BASW Course Descriptions

BASW Course Descriptions

SW 104 - Introduction to Social Work and Social Work Institutions:    This course introduces students to the central values, issues, and methods for facilitating social change conceptualized by social work practices with individuals, families, groups, organizations, communities, and policies. Grounded in a generalist model, social work is studied from the perspective of historical background and contemporary fields of service. Human diversity is emphasized.

SW 255 - Beginning Social Work Experience:   This course offers students a beginning experience volunteering in a social service setting. Acquisition and development of values, skills, and beliefs for building ethical helping relationships consistent with social work in a diverse society are emphasized. The focus of seminar meetings is exploration of one's self in relation to the helping process. Two units: four hours/week (60 hours total) of volunteer work and one hour/week in seminar. Graded Credit/No Credit.

SW 330 - Social Policy:    This course examines the characteristics of social policy, its development, formation, and implementation. Students engage in analysis of major social policies and identify how international, federal, state, local, and tribal legislation influences social work practice and service delivery. Strategies for changing policies with a focus on social, environmental, and economic justice is emphasized. Prerequisites for social work students: Concurrent enrollment in SW 341 and SW 351.

SW 340 - Social Work Methods I:    This first course in the social work methods sequence introduces the student to the application of generalist social work practice. Processes and strategies for relationship building, assuming a collaborative partnership, describing problems, assessing resources, developing plans, and evaluating progress with people are emphasized. A strengths perspective is stressed with a focus on work with individuals and families. There is considerable opportunity for self-reflection in relation to the development of one's practice. Prerequisites for social work students: Concurrent enrollment in SW 350 and SW 382.

SW 340L - Social Work Methods I Lab:    Generalist method: relationship building, forming partnerships, describing problems, assessing resources, developing plans, and evaluating progress. Explore personal processes involved in becoming a helper. Prerequisites for social work students: Concurrent enrollment in SW 340.

SW 341 - Social Work Methods II:    This second course in the social work methods sequence continues to develop the students' application of generalist social work practice. Processes and strategies for relationship building, assuming a collaborative partnership, describing problems, assessing resources, developing plans, and evaluating progress with people continue to be emphasized. A strengths perspective continues to be stressed with a focus on work with groups, organizations, communities, and society. There is considerable opportunity for self-reflection in relation to the development of one's practice. Prerequisites for social work students: Concurrent enrollment in SW 330 and SW 351.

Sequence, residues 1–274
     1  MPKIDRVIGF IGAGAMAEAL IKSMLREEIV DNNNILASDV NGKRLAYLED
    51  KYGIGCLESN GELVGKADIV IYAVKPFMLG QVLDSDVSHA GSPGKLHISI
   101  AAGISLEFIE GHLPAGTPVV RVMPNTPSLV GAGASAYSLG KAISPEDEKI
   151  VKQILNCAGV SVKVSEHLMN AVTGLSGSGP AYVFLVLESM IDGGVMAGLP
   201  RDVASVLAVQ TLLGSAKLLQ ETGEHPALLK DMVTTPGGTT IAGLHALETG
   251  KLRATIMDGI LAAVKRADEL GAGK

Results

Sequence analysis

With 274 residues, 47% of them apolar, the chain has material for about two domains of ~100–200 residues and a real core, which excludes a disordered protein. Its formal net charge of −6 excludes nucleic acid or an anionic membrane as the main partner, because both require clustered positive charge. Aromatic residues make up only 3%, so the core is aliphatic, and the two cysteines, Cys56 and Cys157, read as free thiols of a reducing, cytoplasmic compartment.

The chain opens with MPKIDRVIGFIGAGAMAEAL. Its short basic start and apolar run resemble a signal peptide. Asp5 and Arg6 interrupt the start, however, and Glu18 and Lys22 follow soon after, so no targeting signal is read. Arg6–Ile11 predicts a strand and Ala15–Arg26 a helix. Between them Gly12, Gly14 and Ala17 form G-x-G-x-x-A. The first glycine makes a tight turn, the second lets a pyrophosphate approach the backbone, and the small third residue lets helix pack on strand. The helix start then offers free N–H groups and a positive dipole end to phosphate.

SW 341M - Social Work Methods II Lab:    Expand understanding of generalist method. Emphasis is on work with organizations, communities, policy, and society. Prerequisites for social work students: Concurrent enrollment in SW 341.

SW 350 - Human Behavior and the Social Environment I:    This first course in the human behavior and social environments sequence focuses on the student's beginning professional preparation in generalist social work practice using a contextual and strength-based model for understanding human experiences, with a particular emphasis on individuals, families and small groups. Diversity within human experience and the influences that shape human experience are highlighted. The marginalizing role of dominant power structures is explored. People are understood in relation to multiple systems that generate identity and behavior. The social construction of values, attitudes, beliefs, and behavior through language is described. Traditional theories of individual, family, and group development are covered, as well as more recent theoretical developments. Prerequisites for social work students: Concurrent enrollment in SW 340 and SW 382.